What are the challenges you’ve faced with AC4 in trying to tell a story in such an open world? How do you approach the challenge of keeping players focussed on the story that you’re trying to tell?

The story that I want to tell is only part of the fun. I just want to make sure that the story that I want to tell is a simple one. It’s of a man, named Edward Kenway, who from the opening scenes of the game clearly just wants to better himself. He just wants to gain wealth and influence as many very poor and destitute people might under a monarchy. He’s the first really ‘working class’ character we’ve had.

We establish very early that he rose up from having nothing and he has these dreams. He’s married, but when the game opens we establish that he’s estranged from his wife – they haven’t seen each other in years. He’s in the West Indies ostensibly because he thinks he can make a lot of money and come back to England the cock of the walk. In the course of his journey he comes in to this assassin/Templar conflict and through them he believes he can see a way that he can achieve this dream, through skilful manipulation of all these people. Of course, this turns out to be terribly wrong, and he embroils himself in this big conflict that he then has to get himself out of. So that’s our story – the plot can have lots of twists and turns and things like that, but the basic story is of a man that wants to better himself and thinks he can do it through piracy and ends up terribly wrong!

So the way I see this story then, is that through the simple theme of empowerment and embitterment, the nature of gameplay progression links in to this even if the main story missions aren’t always being followed?

Yeah, you’re always building up your boat, you’re always building up yourself, you’re gaining riches. Ultimately is that the way to be a better a man? It’s sort of the question that’s posed by the game. One thing that I liked about the game is that open world games that have combat at their core, that have assassinations at their core, that have free-running… they encourage a kind of lawlessness in the gameplay, and for the first time in the Assassin’s Creed series I think the attitude of the character matches the player’s natural tendency to go do damage. This game has a story that’s much closer to the player’s natural tendency towards chaos and violence. We’ve created systems that fit the character and fit the player’s desire to go mess around. I know that whenever I play a GTA game, I play for a while and I play through the story, I test the boundaries, and then I just go, ah I’ve got ten minutes before I need to go to bed, and I cause havoc! I get my wanted level up and then die and then turn off the console. Well, this game actually rewards you for that kind of madness because that’s what a pirate does. Pirates are criminals, after all!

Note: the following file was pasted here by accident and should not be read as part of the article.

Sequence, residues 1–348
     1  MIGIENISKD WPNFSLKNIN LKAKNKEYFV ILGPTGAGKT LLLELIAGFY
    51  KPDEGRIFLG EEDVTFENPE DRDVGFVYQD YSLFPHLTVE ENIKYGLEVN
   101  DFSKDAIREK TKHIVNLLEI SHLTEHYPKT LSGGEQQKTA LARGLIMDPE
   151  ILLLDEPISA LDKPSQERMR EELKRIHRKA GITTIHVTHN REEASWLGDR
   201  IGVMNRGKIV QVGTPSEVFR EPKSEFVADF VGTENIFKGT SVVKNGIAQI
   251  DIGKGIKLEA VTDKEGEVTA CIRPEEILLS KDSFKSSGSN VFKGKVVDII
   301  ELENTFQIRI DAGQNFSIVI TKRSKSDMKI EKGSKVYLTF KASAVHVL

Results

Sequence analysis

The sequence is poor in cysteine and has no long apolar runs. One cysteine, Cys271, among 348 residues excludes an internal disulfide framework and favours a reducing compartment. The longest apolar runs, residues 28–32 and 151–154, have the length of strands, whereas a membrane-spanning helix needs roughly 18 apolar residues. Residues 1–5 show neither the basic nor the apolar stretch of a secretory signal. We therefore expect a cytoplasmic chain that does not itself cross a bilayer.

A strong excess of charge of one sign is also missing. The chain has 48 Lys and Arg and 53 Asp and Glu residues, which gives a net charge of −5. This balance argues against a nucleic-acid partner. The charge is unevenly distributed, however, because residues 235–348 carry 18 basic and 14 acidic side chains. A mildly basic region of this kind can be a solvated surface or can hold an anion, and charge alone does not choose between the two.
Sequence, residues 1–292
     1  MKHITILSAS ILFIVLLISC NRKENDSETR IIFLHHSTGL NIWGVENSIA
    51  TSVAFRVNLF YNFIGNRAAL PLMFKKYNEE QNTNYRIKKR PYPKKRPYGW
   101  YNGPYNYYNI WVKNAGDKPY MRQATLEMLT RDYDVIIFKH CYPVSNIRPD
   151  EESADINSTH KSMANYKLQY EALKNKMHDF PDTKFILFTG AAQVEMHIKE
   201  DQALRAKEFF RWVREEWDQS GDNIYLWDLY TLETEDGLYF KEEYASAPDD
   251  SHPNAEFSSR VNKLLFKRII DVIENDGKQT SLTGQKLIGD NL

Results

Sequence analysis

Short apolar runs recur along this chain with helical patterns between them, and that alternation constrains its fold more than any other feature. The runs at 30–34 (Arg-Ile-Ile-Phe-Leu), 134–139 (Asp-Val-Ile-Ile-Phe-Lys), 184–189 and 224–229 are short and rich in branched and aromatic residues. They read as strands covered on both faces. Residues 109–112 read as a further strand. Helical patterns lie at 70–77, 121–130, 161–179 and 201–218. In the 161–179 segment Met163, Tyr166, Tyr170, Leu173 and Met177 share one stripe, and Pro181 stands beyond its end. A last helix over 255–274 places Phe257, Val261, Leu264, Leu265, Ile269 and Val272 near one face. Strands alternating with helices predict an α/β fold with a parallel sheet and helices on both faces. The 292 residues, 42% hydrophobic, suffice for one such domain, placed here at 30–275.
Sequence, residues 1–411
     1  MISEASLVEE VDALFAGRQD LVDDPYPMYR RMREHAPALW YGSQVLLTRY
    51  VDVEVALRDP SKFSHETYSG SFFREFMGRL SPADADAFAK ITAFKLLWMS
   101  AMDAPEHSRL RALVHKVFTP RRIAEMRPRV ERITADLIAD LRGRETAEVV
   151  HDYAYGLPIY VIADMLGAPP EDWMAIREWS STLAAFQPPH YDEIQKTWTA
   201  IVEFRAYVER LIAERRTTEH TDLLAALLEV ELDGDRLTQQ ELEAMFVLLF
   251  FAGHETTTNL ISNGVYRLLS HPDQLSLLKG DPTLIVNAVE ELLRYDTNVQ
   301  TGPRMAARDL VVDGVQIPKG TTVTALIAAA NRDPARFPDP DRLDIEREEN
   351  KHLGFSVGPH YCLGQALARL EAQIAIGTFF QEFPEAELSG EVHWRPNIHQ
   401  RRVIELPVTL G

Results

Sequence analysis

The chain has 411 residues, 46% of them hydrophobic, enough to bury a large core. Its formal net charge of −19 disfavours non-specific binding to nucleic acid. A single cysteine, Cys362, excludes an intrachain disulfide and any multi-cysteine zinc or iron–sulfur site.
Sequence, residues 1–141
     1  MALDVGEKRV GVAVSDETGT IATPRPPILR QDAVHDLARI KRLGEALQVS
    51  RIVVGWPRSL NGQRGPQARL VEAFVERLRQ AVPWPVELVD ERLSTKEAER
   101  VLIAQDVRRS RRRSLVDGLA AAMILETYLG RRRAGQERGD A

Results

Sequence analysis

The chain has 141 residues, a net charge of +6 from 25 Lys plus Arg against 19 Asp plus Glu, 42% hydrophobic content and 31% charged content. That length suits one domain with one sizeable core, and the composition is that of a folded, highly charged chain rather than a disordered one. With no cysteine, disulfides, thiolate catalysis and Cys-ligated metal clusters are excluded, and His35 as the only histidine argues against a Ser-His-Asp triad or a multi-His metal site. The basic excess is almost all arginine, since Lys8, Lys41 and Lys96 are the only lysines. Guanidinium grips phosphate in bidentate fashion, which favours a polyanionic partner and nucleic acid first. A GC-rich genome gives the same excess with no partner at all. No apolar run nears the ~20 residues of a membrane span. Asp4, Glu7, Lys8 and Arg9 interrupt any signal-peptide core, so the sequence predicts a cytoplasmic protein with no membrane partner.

To finish off then…what are you most proud of with AC4? What’s the one thing that stands out for you?

I am a big fan of ensemble casts. I am a big fan of stories, not plots. I like shows that are not plot-driven but story-driven. The stories come from the intersection of the characters and their needs and wants and desires and conflicting desires, as opposed to a plot-driven show. My hope is that I have been able to create a universe full of amazing, compelling characters, each of whom has a little thing they want. Every character should have something they want, even if it’s a glass of water. I try to get that with this story. I want this to be an unfamiliar cast of characters, each of whom has their own little drive, and it creates a rich tapestry of people in a universe that feels really compelling.

I’ve always been trying to push the idea that games don’t need to be drastically plot-driven. A lot of my colleagues on this project disagree, they want that ‘save the princess’, ‘kill the bad guy’, ‘find the lost city’. These things are important, and we do have that in this game, there is a thing that Edward is looking for, but around that I want to hang a lot of little side-threads.  For instance, sequences three and six here [at the preview event] deal with the pirates, and that’s a little bit different from the assassin/Templar conflict that is also at the core of the game, so there are multiple threads going on in the story, and I hope that people enjoy that kind of complication. Some people may hate me for it. Some people may love it.

Last five articles by Ian


One Comment

  1. Ben says:

    Quite possibly the only Assassins Creed game I’ve been interested in a while. Quite enjoyed the first but any attempt to play the games that followed all left me with a hollow experience, I just didn’t click with it.

    #3 came very close to being picked up, and with it being £7 on Steam atm (sale) could be worth it before Black Flag. There’s just something about Pirates that seems to do tick all the right boxes, fingers crossed.